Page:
Art Folds Into Science In Robert Lang’s Extreme Origami

Former NASA laser physicist Robert Lang applies computer programs and math to create seemingly impossible new origami designs.

Robert Lang’s largest folded scuplture is a flying Pteranodon with a 14-foot wingspan. His smallest is a 500-micron bird from a programmable self-folding polymer sheet. Then there are the Spirograph-like shapes that are too complex for a human to design.


A former NASA laser physicist, Lang has been combining origami and computing to rethink shapes previously thought impossible.

“What drew me to origami was the simplicity of what you needed–a sheet of paper, hands, and imagination,” says Lang, who works from his Alamo, California, home studio. “What has kept me interested for more than 40 years is the unlimited possibility of what can be created, just by folding.”

More than six dozen venues, including The New York’s Museum of Modern Art and the Indianapolis Museum of Art, have displayed his work, which commands $300 to $2,000. He’s written 14 books on origami–the most recent being Folding Paper, The Infinite Possibilities of Origami–and programs origami design software offered for free on his site,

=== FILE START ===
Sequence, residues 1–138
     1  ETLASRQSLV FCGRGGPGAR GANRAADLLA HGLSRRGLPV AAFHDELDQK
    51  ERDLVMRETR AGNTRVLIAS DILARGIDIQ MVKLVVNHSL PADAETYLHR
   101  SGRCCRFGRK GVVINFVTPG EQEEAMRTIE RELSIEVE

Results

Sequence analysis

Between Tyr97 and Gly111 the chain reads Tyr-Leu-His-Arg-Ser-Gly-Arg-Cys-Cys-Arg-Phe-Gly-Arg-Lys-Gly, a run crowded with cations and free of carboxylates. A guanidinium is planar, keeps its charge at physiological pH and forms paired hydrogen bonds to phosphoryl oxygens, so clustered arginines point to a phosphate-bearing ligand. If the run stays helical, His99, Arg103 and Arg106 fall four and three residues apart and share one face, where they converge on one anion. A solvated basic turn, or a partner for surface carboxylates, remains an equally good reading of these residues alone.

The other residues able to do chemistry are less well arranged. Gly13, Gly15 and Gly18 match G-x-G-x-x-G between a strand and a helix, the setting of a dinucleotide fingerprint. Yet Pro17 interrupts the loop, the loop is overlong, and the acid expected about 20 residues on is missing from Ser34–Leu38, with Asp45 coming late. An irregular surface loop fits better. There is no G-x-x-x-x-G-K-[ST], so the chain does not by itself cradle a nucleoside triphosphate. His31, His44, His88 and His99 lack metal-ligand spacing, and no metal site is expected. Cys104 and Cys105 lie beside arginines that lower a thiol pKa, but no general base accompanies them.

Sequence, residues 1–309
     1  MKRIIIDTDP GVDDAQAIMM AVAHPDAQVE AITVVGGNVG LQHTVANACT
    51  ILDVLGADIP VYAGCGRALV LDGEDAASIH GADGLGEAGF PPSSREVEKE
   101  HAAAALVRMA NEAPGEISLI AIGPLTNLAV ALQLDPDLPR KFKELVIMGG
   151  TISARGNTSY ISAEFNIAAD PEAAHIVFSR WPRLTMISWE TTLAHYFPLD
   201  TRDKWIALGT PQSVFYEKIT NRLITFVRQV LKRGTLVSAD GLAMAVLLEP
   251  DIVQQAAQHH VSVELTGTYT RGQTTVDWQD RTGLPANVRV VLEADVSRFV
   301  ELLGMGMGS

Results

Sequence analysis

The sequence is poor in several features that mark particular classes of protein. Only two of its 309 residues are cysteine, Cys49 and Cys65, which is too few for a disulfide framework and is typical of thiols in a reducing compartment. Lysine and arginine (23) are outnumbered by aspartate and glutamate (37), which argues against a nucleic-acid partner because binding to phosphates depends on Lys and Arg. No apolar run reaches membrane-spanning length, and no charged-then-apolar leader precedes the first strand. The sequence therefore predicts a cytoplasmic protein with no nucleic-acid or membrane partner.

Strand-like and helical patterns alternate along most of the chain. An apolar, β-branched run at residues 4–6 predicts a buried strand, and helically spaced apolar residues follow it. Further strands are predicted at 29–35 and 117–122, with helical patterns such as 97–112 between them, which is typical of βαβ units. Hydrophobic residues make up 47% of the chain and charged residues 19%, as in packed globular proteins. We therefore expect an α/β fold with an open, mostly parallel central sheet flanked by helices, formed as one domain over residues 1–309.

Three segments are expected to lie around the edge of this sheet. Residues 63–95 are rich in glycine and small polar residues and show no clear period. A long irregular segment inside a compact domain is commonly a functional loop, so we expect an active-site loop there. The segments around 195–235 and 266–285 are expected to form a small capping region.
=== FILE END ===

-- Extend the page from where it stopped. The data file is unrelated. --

Robert Lang at the opening of his Los Angeles exhibition. Susan Karlin

Currently, over 100 of his pieces are on display at a solo show, Folded, at the Williamson Gallery at the Art Center College of Design in Pasadena, California, through August 20. He is also one of the origami artists showcased at the Surface to Structure: Folded Forms exhibition at Cooper Union in New York through July 3, Folding Paper: The Infinite Possibilities of Origami at the Bellevue Arts Museum in Bellevue, Washington through September 21, and Kevin Box/Origami in the Garden sculptural exhibition at the Santa Fe Botanical Garden in Santa Fe, New Mexico through October 25, and The Curious Art of Origami exhibition at the Shumei Hall Gallery during the AXS Curiosity Festival in Pasadena from September 19 to November 19.